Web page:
Best of the week: Media rivals team up amid frustrations with platforms

This week, the dominant theme of our top stories was publishers and brands expressing continued displeasure and new fears regarding the duopoly. And they’re pushing back against the platforms, individually and in partnerships. A full list of our top stories is at the bottom.

Google’s ad-blocking plan raises suspicion
In the wake of The Wall Street Journal’s report that Google is pursuing an ad blocker for its Chrome browser, Lucia Moses sums up the conspiracy theories that abounded about Google’s other, hidden motives. Remember: It’s not being paranoid if the platforms are really out to get you.

Facebook continues to frustrate publishers and brands
The discontent with the duopoly’s other member has persisted as well. Publishers are fed up with Facebook’s Instant Articles and its inability to make them money, with The New York Times and The Guardian pulling out of the fast-loading mobile articles feature, Ross Benes reports.

“If IA monetization doesn’t dramatically improve, high-quality publishers will continue to pull out,” said Dan Check, vice chairman of Slate, which publishes most of its Facebook articles to IA.

But publishers say Facebook can save IA by improving its subscription products, giving them more control over their inventory and providing more user data. Even so, some doubt the platform will make adjustments. “Facebook doesn’t want pubs to create and capture value within Facebook that they can take elsewhere,” one publishing executive said. “But it definitely helps that this is a public flop.”

Turns out brands are also unhappy with the platform, too. As Facebook has grown, so have their complaints about it — and demands for more control.

Marketers gripe that Facebook has become more confusing to work with as it has expanded, and it often pushes its own agenda. That, along with the platform’s metrics blunders, has them trying to wrestle power back from it. For some marketers, the playbook has gone from “do whatever Facebook says” to “do your own thing,” Shareen Pathak writes.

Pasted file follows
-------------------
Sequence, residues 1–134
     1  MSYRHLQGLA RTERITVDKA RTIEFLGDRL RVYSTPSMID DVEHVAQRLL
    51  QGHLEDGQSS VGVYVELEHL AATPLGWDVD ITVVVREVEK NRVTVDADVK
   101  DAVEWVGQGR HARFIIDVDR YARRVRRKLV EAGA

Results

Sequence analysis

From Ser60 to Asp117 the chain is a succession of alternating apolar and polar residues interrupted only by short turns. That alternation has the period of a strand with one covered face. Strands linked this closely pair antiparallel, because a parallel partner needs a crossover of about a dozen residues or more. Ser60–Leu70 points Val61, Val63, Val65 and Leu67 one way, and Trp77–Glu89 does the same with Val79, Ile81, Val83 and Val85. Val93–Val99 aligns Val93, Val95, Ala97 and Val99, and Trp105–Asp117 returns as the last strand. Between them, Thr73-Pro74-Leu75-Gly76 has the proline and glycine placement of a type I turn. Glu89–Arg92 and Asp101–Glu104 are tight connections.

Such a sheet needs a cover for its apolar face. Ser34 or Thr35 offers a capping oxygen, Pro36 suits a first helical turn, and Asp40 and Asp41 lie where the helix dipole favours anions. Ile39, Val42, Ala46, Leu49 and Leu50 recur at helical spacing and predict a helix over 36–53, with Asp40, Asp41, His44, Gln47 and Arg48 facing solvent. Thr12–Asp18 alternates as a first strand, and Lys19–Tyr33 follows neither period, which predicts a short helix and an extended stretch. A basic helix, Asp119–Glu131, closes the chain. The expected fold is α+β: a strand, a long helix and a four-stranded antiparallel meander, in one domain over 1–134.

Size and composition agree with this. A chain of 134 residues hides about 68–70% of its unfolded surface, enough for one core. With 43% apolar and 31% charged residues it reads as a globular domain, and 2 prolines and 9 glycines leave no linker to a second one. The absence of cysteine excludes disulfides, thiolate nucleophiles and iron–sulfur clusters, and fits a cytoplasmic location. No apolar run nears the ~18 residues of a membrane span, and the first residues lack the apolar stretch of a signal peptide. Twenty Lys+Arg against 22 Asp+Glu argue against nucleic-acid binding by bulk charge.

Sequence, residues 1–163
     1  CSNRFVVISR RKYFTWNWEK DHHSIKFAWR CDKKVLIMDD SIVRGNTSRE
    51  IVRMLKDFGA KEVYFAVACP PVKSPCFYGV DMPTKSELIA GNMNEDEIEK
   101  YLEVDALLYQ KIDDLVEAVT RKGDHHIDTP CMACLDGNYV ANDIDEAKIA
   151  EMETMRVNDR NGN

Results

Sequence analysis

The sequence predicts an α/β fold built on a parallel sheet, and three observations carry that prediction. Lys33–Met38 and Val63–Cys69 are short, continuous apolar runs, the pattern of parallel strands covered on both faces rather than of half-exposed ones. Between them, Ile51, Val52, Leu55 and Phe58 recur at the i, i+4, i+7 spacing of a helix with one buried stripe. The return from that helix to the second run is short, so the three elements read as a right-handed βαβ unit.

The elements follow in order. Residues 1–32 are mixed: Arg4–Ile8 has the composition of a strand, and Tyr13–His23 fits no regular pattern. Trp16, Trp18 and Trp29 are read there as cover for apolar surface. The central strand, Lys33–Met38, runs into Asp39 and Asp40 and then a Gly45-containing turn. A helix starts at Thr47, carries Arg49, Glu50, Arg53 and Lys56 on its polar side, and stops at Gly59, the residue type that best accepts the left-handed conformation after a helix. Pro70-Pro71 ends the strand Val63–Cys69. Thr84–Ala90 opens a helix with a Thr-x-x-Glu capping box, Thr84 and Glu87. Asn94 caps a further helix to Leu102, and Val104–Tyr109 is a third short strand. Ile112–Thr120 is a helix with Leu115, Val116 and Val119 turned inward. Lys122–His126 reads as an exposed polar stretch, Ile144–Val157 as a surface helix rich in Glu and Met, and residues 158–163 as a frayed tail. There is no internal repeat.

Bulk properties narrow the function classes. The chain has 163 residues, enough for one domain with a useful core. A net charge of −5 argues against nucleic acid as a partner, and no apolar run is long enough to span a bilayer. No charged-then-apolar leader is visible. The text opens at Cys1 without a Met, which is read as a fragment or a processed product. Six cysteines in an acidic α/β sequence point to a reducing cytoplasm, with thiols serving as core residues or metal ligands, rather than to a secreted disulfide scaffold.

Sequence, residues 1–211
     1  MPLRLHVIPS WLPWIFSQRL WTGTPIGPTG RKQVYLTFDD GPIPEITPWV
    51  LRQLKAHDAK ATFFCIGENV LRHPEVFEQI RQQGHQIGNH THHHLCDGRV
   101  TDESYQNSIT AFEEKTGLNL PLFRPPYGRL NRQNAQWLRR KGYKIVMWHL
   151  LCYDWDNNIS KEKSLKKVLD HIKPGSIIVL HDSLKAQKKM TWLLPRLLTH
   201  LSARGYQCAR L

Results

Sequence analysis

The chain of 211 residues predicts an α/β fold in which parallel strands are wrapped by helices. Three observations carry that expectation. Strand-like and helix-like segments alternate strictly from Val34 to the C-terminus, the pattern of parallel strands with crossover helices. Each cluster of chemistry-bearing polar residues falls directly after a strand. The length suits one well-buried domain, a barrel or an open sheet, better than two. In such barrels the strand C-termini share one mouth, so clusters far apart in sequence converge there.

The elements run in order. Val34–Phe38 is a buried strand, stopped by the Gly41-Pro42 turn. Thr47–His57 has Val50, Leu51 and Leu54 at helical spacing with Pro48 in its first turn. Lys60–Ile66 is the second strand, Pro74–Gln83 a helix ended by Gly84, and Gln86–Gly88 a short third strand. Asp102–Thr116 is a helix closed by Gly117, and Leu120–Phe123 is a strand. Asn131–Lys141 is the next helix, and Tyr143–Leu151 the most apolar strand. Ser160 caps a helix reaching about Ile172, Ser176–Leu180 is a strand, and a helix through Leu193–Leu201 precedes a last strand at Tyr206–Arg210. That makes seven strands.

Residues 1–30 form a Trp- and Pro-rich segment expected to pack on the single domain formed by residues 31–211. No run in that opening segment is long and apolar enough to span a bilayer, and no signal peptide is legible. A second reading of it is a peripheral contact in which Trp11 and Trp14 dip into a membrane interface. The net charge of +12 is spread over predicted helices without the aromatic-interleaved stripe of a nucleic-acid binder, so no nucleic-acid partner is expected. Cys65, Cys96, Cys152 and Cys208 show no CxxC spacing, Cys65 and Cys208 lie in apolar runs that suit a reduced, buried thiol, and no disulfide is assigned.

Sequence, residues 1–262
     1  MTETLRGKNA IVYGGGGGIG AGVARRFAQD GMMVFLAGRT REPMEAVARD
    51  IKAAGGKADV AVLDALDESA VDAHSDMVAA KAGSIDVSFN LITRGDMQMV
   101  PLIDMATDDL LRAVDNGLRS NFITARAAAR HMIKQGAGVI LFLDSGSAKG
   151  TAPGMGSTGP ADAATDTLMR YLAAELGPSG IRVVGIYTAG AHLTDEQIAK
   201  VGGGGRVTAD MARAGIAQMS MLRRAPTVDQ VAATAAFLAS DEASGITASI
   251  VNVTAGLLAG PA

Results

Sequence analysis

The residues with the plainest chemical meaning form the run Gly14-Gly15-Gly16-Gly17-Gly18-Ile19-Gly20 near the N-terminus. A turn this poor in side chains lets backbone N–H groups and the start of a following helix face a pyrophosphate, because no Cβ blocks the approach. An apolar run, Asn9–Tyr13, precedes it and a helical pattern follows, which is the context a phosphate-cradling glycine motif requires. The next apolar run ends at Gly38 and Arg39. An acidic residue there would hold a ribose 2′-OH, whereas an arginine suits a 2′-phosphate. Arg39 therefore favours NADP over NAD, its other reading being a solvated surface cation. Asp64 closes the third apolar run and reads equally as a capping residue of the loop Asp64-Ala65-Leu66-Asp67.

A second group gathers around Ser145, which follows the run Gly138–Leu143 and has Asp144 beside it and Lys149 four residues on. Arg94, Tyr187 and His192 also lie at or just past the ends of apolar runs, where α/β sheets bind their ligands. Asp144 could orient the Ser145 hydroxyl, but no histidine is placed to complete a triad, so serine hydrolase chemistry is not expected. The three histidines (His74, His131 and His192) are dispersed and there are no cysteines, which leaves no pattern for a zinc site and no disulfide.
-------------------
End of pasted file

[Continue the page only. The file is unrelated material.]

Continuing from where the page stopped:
Media companies join forces against the duopoly
Some media companies are taking the approach of partnering with rivals to compete for ad dollars, betting it’s better to work together than to individually lose out entirely, Sahil Patel reports.

Last month, Condé Nast, Vox Media and NBCUniversal announced they were teaming up on ad sales pitches. Under the deal, Condé Nast’s titles will make their ad inventory available in Concert, a private marketplace that includes Vox Media and NBCU digital properties. Together, these companies said they can now offer advertisers the ability to reach 200 million consumers, citing comScore.

These alliances are forming at all levels — from big TV giants to small digital publishers — and across media types. Nat Geo started pitching advertisers on a new social content offering called Further Community that included Mashable, theSkimm and Atlas Obscura. In TV, Viacom, Turner and Fox Networks have formed OpenAP, a targeting platform and independent business.

Ad buyers say they’re receptive to these partnerships. Christine Peterson, digital investment lead for Mindshare North America, which is reviewing Concert for a number of clients, said the Condé Nast-Vox-NBCU deal has scale, but it’s the data targeting and measurement, plus high-quality content and brand-safe environments that put it over the top. “When it’s well thought out and incorporates data, then it does belong in a competitive landscape closer to the duopoly,” she said.

This week’s top stories:
A guide to the Google ad-blocking conspiracy theories
Publishers say Facebook can save Instant Articles with better data, subscription tools
As Facebook grows, brands say it’s gotten more complicated to work with
In the shadow of the duopoly, media rivals are becoming allies
“If ESPN can’t make it, who can?”: The age of media austerity
#The Hustler: How Gary Vee became the ad industry’s lightning rod
Why luxury remains far out of reach for Amazon and Walmart
“I’m just wired differently”: Why advertising seems to have so many people with dyslexia

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